Thursday, February 03, 2011

Snow Day!

Yesterday we had a snow day.  Not just the public high schools and elementary schools, but everyone.  The reason for this: a blizzard.  It was the first time I had a snow day since high school.  I was ecstatic when we got word on Tuesday night that the seminary would be closed all day Wednesday.
I started Wednesday off by staying up late Tuesday night talking with a good friend and brother and sleeping in Wednesday morning.  Then I spent some time in the kitchen doing some baking.  None of it is actually completely finished yet, so no pictures yet.  I made chocolate chip cupcakes, but they still need the chocolate "buttercream" frosting.  I also made homemade chocolate sandwich cookies (Oreo type), but they still need the filling.  So, be patient and there will be pictures later.
Then, the best part of my day.  Snow toffee.  As a child, a fresh snow fall, especially one that meant we were home all day with the babysitter, meant snow toffee.   I made it a couple times in undergrad, usually in the evening, but I hadn't had opportunity to make it here yet.  A snow day, with lots of fresh snow on the ground, seemed like a good time to introduce all the neighborhood children to snow toffee.  I'd checked with one mother Tuesday night already, just to make sure that she would allow her children to eat it, so I knew I had at least two children to share with.
I don't really have a recipe for snow toffee, so I will attempt to explain the best I know how, how one makes snow toffee, complete with pictures, courtesy of Olga.
First, I put some water and brown sugar and molasses and white sugar in a pan on the stove.  I stirred it up and tasted it.   Then added more sugar until I liked how it tasted.  Sometimes growing up we'd put maple syrup in it.  Basically, you want yummy sweetness.
Then, I turned the stove on and stirred and stirred and stirred and stirred. During undergrad this was always a great time to have long conversations with my RA.  As a child, the babysitter usually sent us outside to keep us out from underfoot during this stage.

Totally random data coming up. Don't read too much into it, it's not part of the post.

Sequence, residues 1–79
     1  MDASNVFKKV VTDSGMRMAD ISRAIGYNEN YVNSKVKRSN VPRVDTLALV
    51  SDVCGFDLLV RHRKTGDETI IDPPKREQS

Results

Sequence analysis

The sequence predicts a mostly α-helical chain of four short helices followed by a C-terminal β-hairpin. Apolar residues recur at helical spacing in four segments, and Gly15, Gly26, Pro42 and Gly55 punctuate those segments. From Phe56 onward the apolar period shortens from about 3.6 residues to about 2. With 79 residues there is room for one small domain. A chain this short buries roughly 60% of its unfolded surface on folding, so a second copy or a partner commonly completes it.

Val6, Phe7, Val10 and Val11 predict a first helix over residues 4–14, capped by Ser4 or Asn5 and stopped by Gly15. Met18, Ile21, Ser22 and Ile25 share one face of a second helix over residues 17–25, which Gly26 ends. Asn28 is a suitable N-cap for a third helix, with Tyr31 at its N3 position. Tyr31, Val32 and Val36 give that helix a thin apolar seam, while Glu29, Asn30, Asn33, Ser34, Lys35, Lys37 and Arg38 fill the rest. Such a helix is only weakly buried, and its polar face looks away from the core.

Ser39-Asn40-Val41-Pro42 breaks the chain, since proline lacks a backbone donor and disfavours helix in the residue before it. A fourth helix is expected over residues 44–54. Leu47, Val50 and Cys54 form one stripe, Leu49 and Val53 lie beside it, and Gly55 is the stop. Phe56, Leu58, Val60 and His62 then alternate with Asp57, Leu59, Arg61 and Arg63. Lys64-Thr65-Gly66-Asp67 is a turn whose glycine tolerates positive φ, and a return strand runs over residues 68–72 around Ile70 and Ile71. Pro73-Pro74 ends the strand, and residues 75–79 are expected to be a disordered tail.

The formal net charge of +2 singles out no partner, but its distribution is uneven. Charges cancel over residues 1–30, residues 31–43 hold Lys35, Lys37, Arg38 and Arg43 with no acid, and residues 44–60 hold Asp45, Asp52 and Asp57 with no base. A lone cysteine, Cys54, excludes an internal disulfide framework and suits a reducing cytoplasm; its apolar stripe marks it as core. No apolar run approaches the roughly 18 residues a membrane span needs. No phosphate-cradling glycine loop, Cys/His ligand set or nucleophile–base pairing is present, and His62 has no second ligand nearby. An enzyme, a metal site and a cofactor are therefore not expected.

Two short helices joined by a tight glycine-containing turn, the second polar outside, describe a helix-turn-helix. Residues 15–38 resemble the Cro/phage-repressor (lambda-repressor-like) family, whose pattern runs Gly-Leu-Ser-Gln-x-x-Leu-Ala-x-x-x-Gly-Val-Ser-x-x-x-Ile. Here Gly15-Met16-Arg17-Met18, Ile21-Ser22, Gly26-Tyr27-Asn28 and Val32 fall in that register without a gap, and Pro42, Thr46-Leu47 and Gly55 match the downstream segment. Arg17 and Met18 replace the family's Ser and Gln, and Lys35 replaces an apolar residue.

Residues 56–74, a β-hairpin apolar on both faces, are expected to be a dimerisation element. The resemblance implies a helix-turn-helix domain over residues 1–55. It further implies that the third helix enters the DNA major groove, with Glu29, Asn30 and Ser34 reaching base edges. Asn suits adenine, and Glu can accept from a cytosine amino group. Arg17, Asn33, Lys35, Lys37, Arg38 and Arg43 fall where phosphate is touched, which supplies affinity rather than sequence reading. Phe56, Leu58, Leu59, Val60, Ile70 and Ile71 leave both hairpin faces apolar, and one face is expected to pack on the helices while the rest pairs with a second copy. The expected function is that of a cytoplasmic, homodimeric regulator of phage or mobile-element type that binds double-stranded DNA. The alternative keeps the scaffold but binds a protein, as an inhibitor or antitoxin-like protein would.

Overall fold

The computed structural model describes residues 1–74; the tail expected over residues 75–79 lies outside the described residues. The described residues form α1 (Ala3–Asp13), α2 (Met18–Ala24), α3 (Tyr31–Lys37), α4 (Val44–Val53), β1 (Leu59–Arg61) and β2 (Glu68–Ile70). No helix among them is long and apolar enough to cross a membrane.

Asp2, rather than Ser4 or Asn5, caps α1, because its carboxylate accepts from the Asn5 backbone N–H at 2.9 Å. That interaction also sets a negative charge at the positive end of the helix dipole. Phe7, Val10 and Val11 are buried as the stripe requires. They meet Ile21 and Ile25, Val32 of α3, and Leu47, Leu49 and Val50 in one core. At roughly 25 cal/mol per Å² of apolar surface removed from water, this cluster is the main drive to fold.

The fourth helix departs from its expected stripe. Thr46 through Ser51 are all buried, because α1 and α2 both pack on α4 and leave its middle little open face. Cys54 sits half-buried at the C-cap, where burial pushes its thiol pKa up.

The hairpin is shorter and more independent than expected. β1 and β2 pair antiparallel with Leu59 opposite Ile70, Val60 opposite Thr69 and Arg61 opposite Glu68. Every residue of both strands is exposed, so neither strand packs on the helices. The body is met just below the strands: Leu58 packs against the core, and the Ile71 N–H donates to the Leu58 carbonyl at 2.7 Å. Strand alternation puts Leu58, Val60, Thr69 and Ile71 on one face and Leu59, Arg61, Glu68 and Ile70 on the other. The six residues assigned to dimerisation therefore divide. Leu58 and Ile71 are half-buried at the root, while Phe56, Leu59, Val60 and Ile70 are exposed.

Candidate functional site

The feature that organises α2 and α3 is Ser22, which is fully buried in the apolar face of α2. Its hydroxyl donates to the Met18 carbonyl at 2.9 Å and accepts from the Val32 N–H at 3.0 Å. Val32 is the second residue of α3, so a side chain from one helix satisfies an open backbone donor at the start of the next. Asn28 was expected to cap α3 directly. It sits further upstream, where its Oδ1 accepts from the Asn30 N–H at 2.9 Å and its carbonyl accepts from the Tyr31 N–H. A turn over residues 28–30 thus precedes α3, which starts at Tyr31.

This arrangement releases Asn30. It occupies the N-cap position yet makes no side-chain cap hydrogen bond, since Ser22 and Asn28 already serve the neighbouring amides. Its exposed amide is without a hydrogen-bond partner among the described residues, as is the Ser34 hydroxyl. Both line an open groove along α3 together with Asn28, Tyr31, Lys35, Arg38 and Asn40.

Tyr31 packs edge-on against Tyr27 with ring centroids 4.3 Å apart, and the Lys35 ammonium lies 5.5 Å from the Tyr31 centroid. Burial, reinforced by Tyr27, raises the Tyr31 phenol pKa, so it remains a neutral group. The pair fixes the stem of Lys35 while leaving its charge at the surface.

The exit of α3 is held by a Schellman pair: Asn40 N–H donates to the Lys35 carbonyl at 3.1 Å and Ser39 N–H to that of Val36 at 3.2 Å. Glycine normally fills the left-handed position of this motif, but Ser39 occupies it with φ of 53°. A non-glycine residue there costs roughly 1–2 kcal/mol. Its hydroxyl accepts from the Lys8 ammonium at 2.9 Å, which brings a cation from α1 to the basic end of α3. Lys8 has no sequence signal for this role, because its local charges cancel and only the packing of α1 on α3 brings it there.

Yesterday I did almost all the stirring with my snow pants and hat on. That way I'd be ready when it would be ready.
Olga made a really cool picture of the stirring action.  It bubbles a lot.  If you don't keep stirring, it will over-boil and make a big mess.  It will also burn.
You have to stir a long time. You know it is ready when you use your stirring spoon to dribble some into a cup of cold water (see my measuring cup sitting beside the pan?).  All of a sudden, when you dribble it in, it will become solid before it reaches the bottom.  It looks really cool when that happens.  Before it is ready it just kinda diffuses throughout the water, a little like food coloring in water.  You can't miss it when this finally happens.  I call this "the cool stage".
Once you reach the cool stage, it's go time.  As a child this meant that we had to have jelly roll pans packed with clean snow and up on the back porch (the babysitter didn't want to come out into the yard with us, and if we'd done it in the yard, the dog would eat it).  Now it means, grab the pan and run outside with it.  
Once you are outside, you find some clean snow and dump the toffee out in long, swirly lines. It will sink down into the snow, so you want the snow to be deep, or well packed.  Our snow yesterday was rather light and fluffy.
Then, using your fingers you pull part of a strand out of the snow and feed it to your roommates.
Then, you go collect neighborhood children and entice them to come eat "snow candy".  Of course, you make them ask their moms first.  You wouldn't want to be perceived as a creepy person or anything. Realize that you will have to explain to every mom (or dad) what snow candy is.
Then you feed it to the children.  They have mittens on, you being the nice grown-up, you take your mitten off, pick the toffee up and feed it to them.  
Then, you finish taking the toffee out of the snow, put it in the pan and convince your small children to go with you to deliver snow candy to all your other "friends" (our word for neighbors). After the small children are all hyped up on sugar and very sticky, you send them back home to their parents and you go back inside where it is warm and you rest.
Again, all photos in this post were taken by Olga. If you want to see more of her photos, including some that indicate just how much snow we got, check out her blog

1 comment:

Valerie said...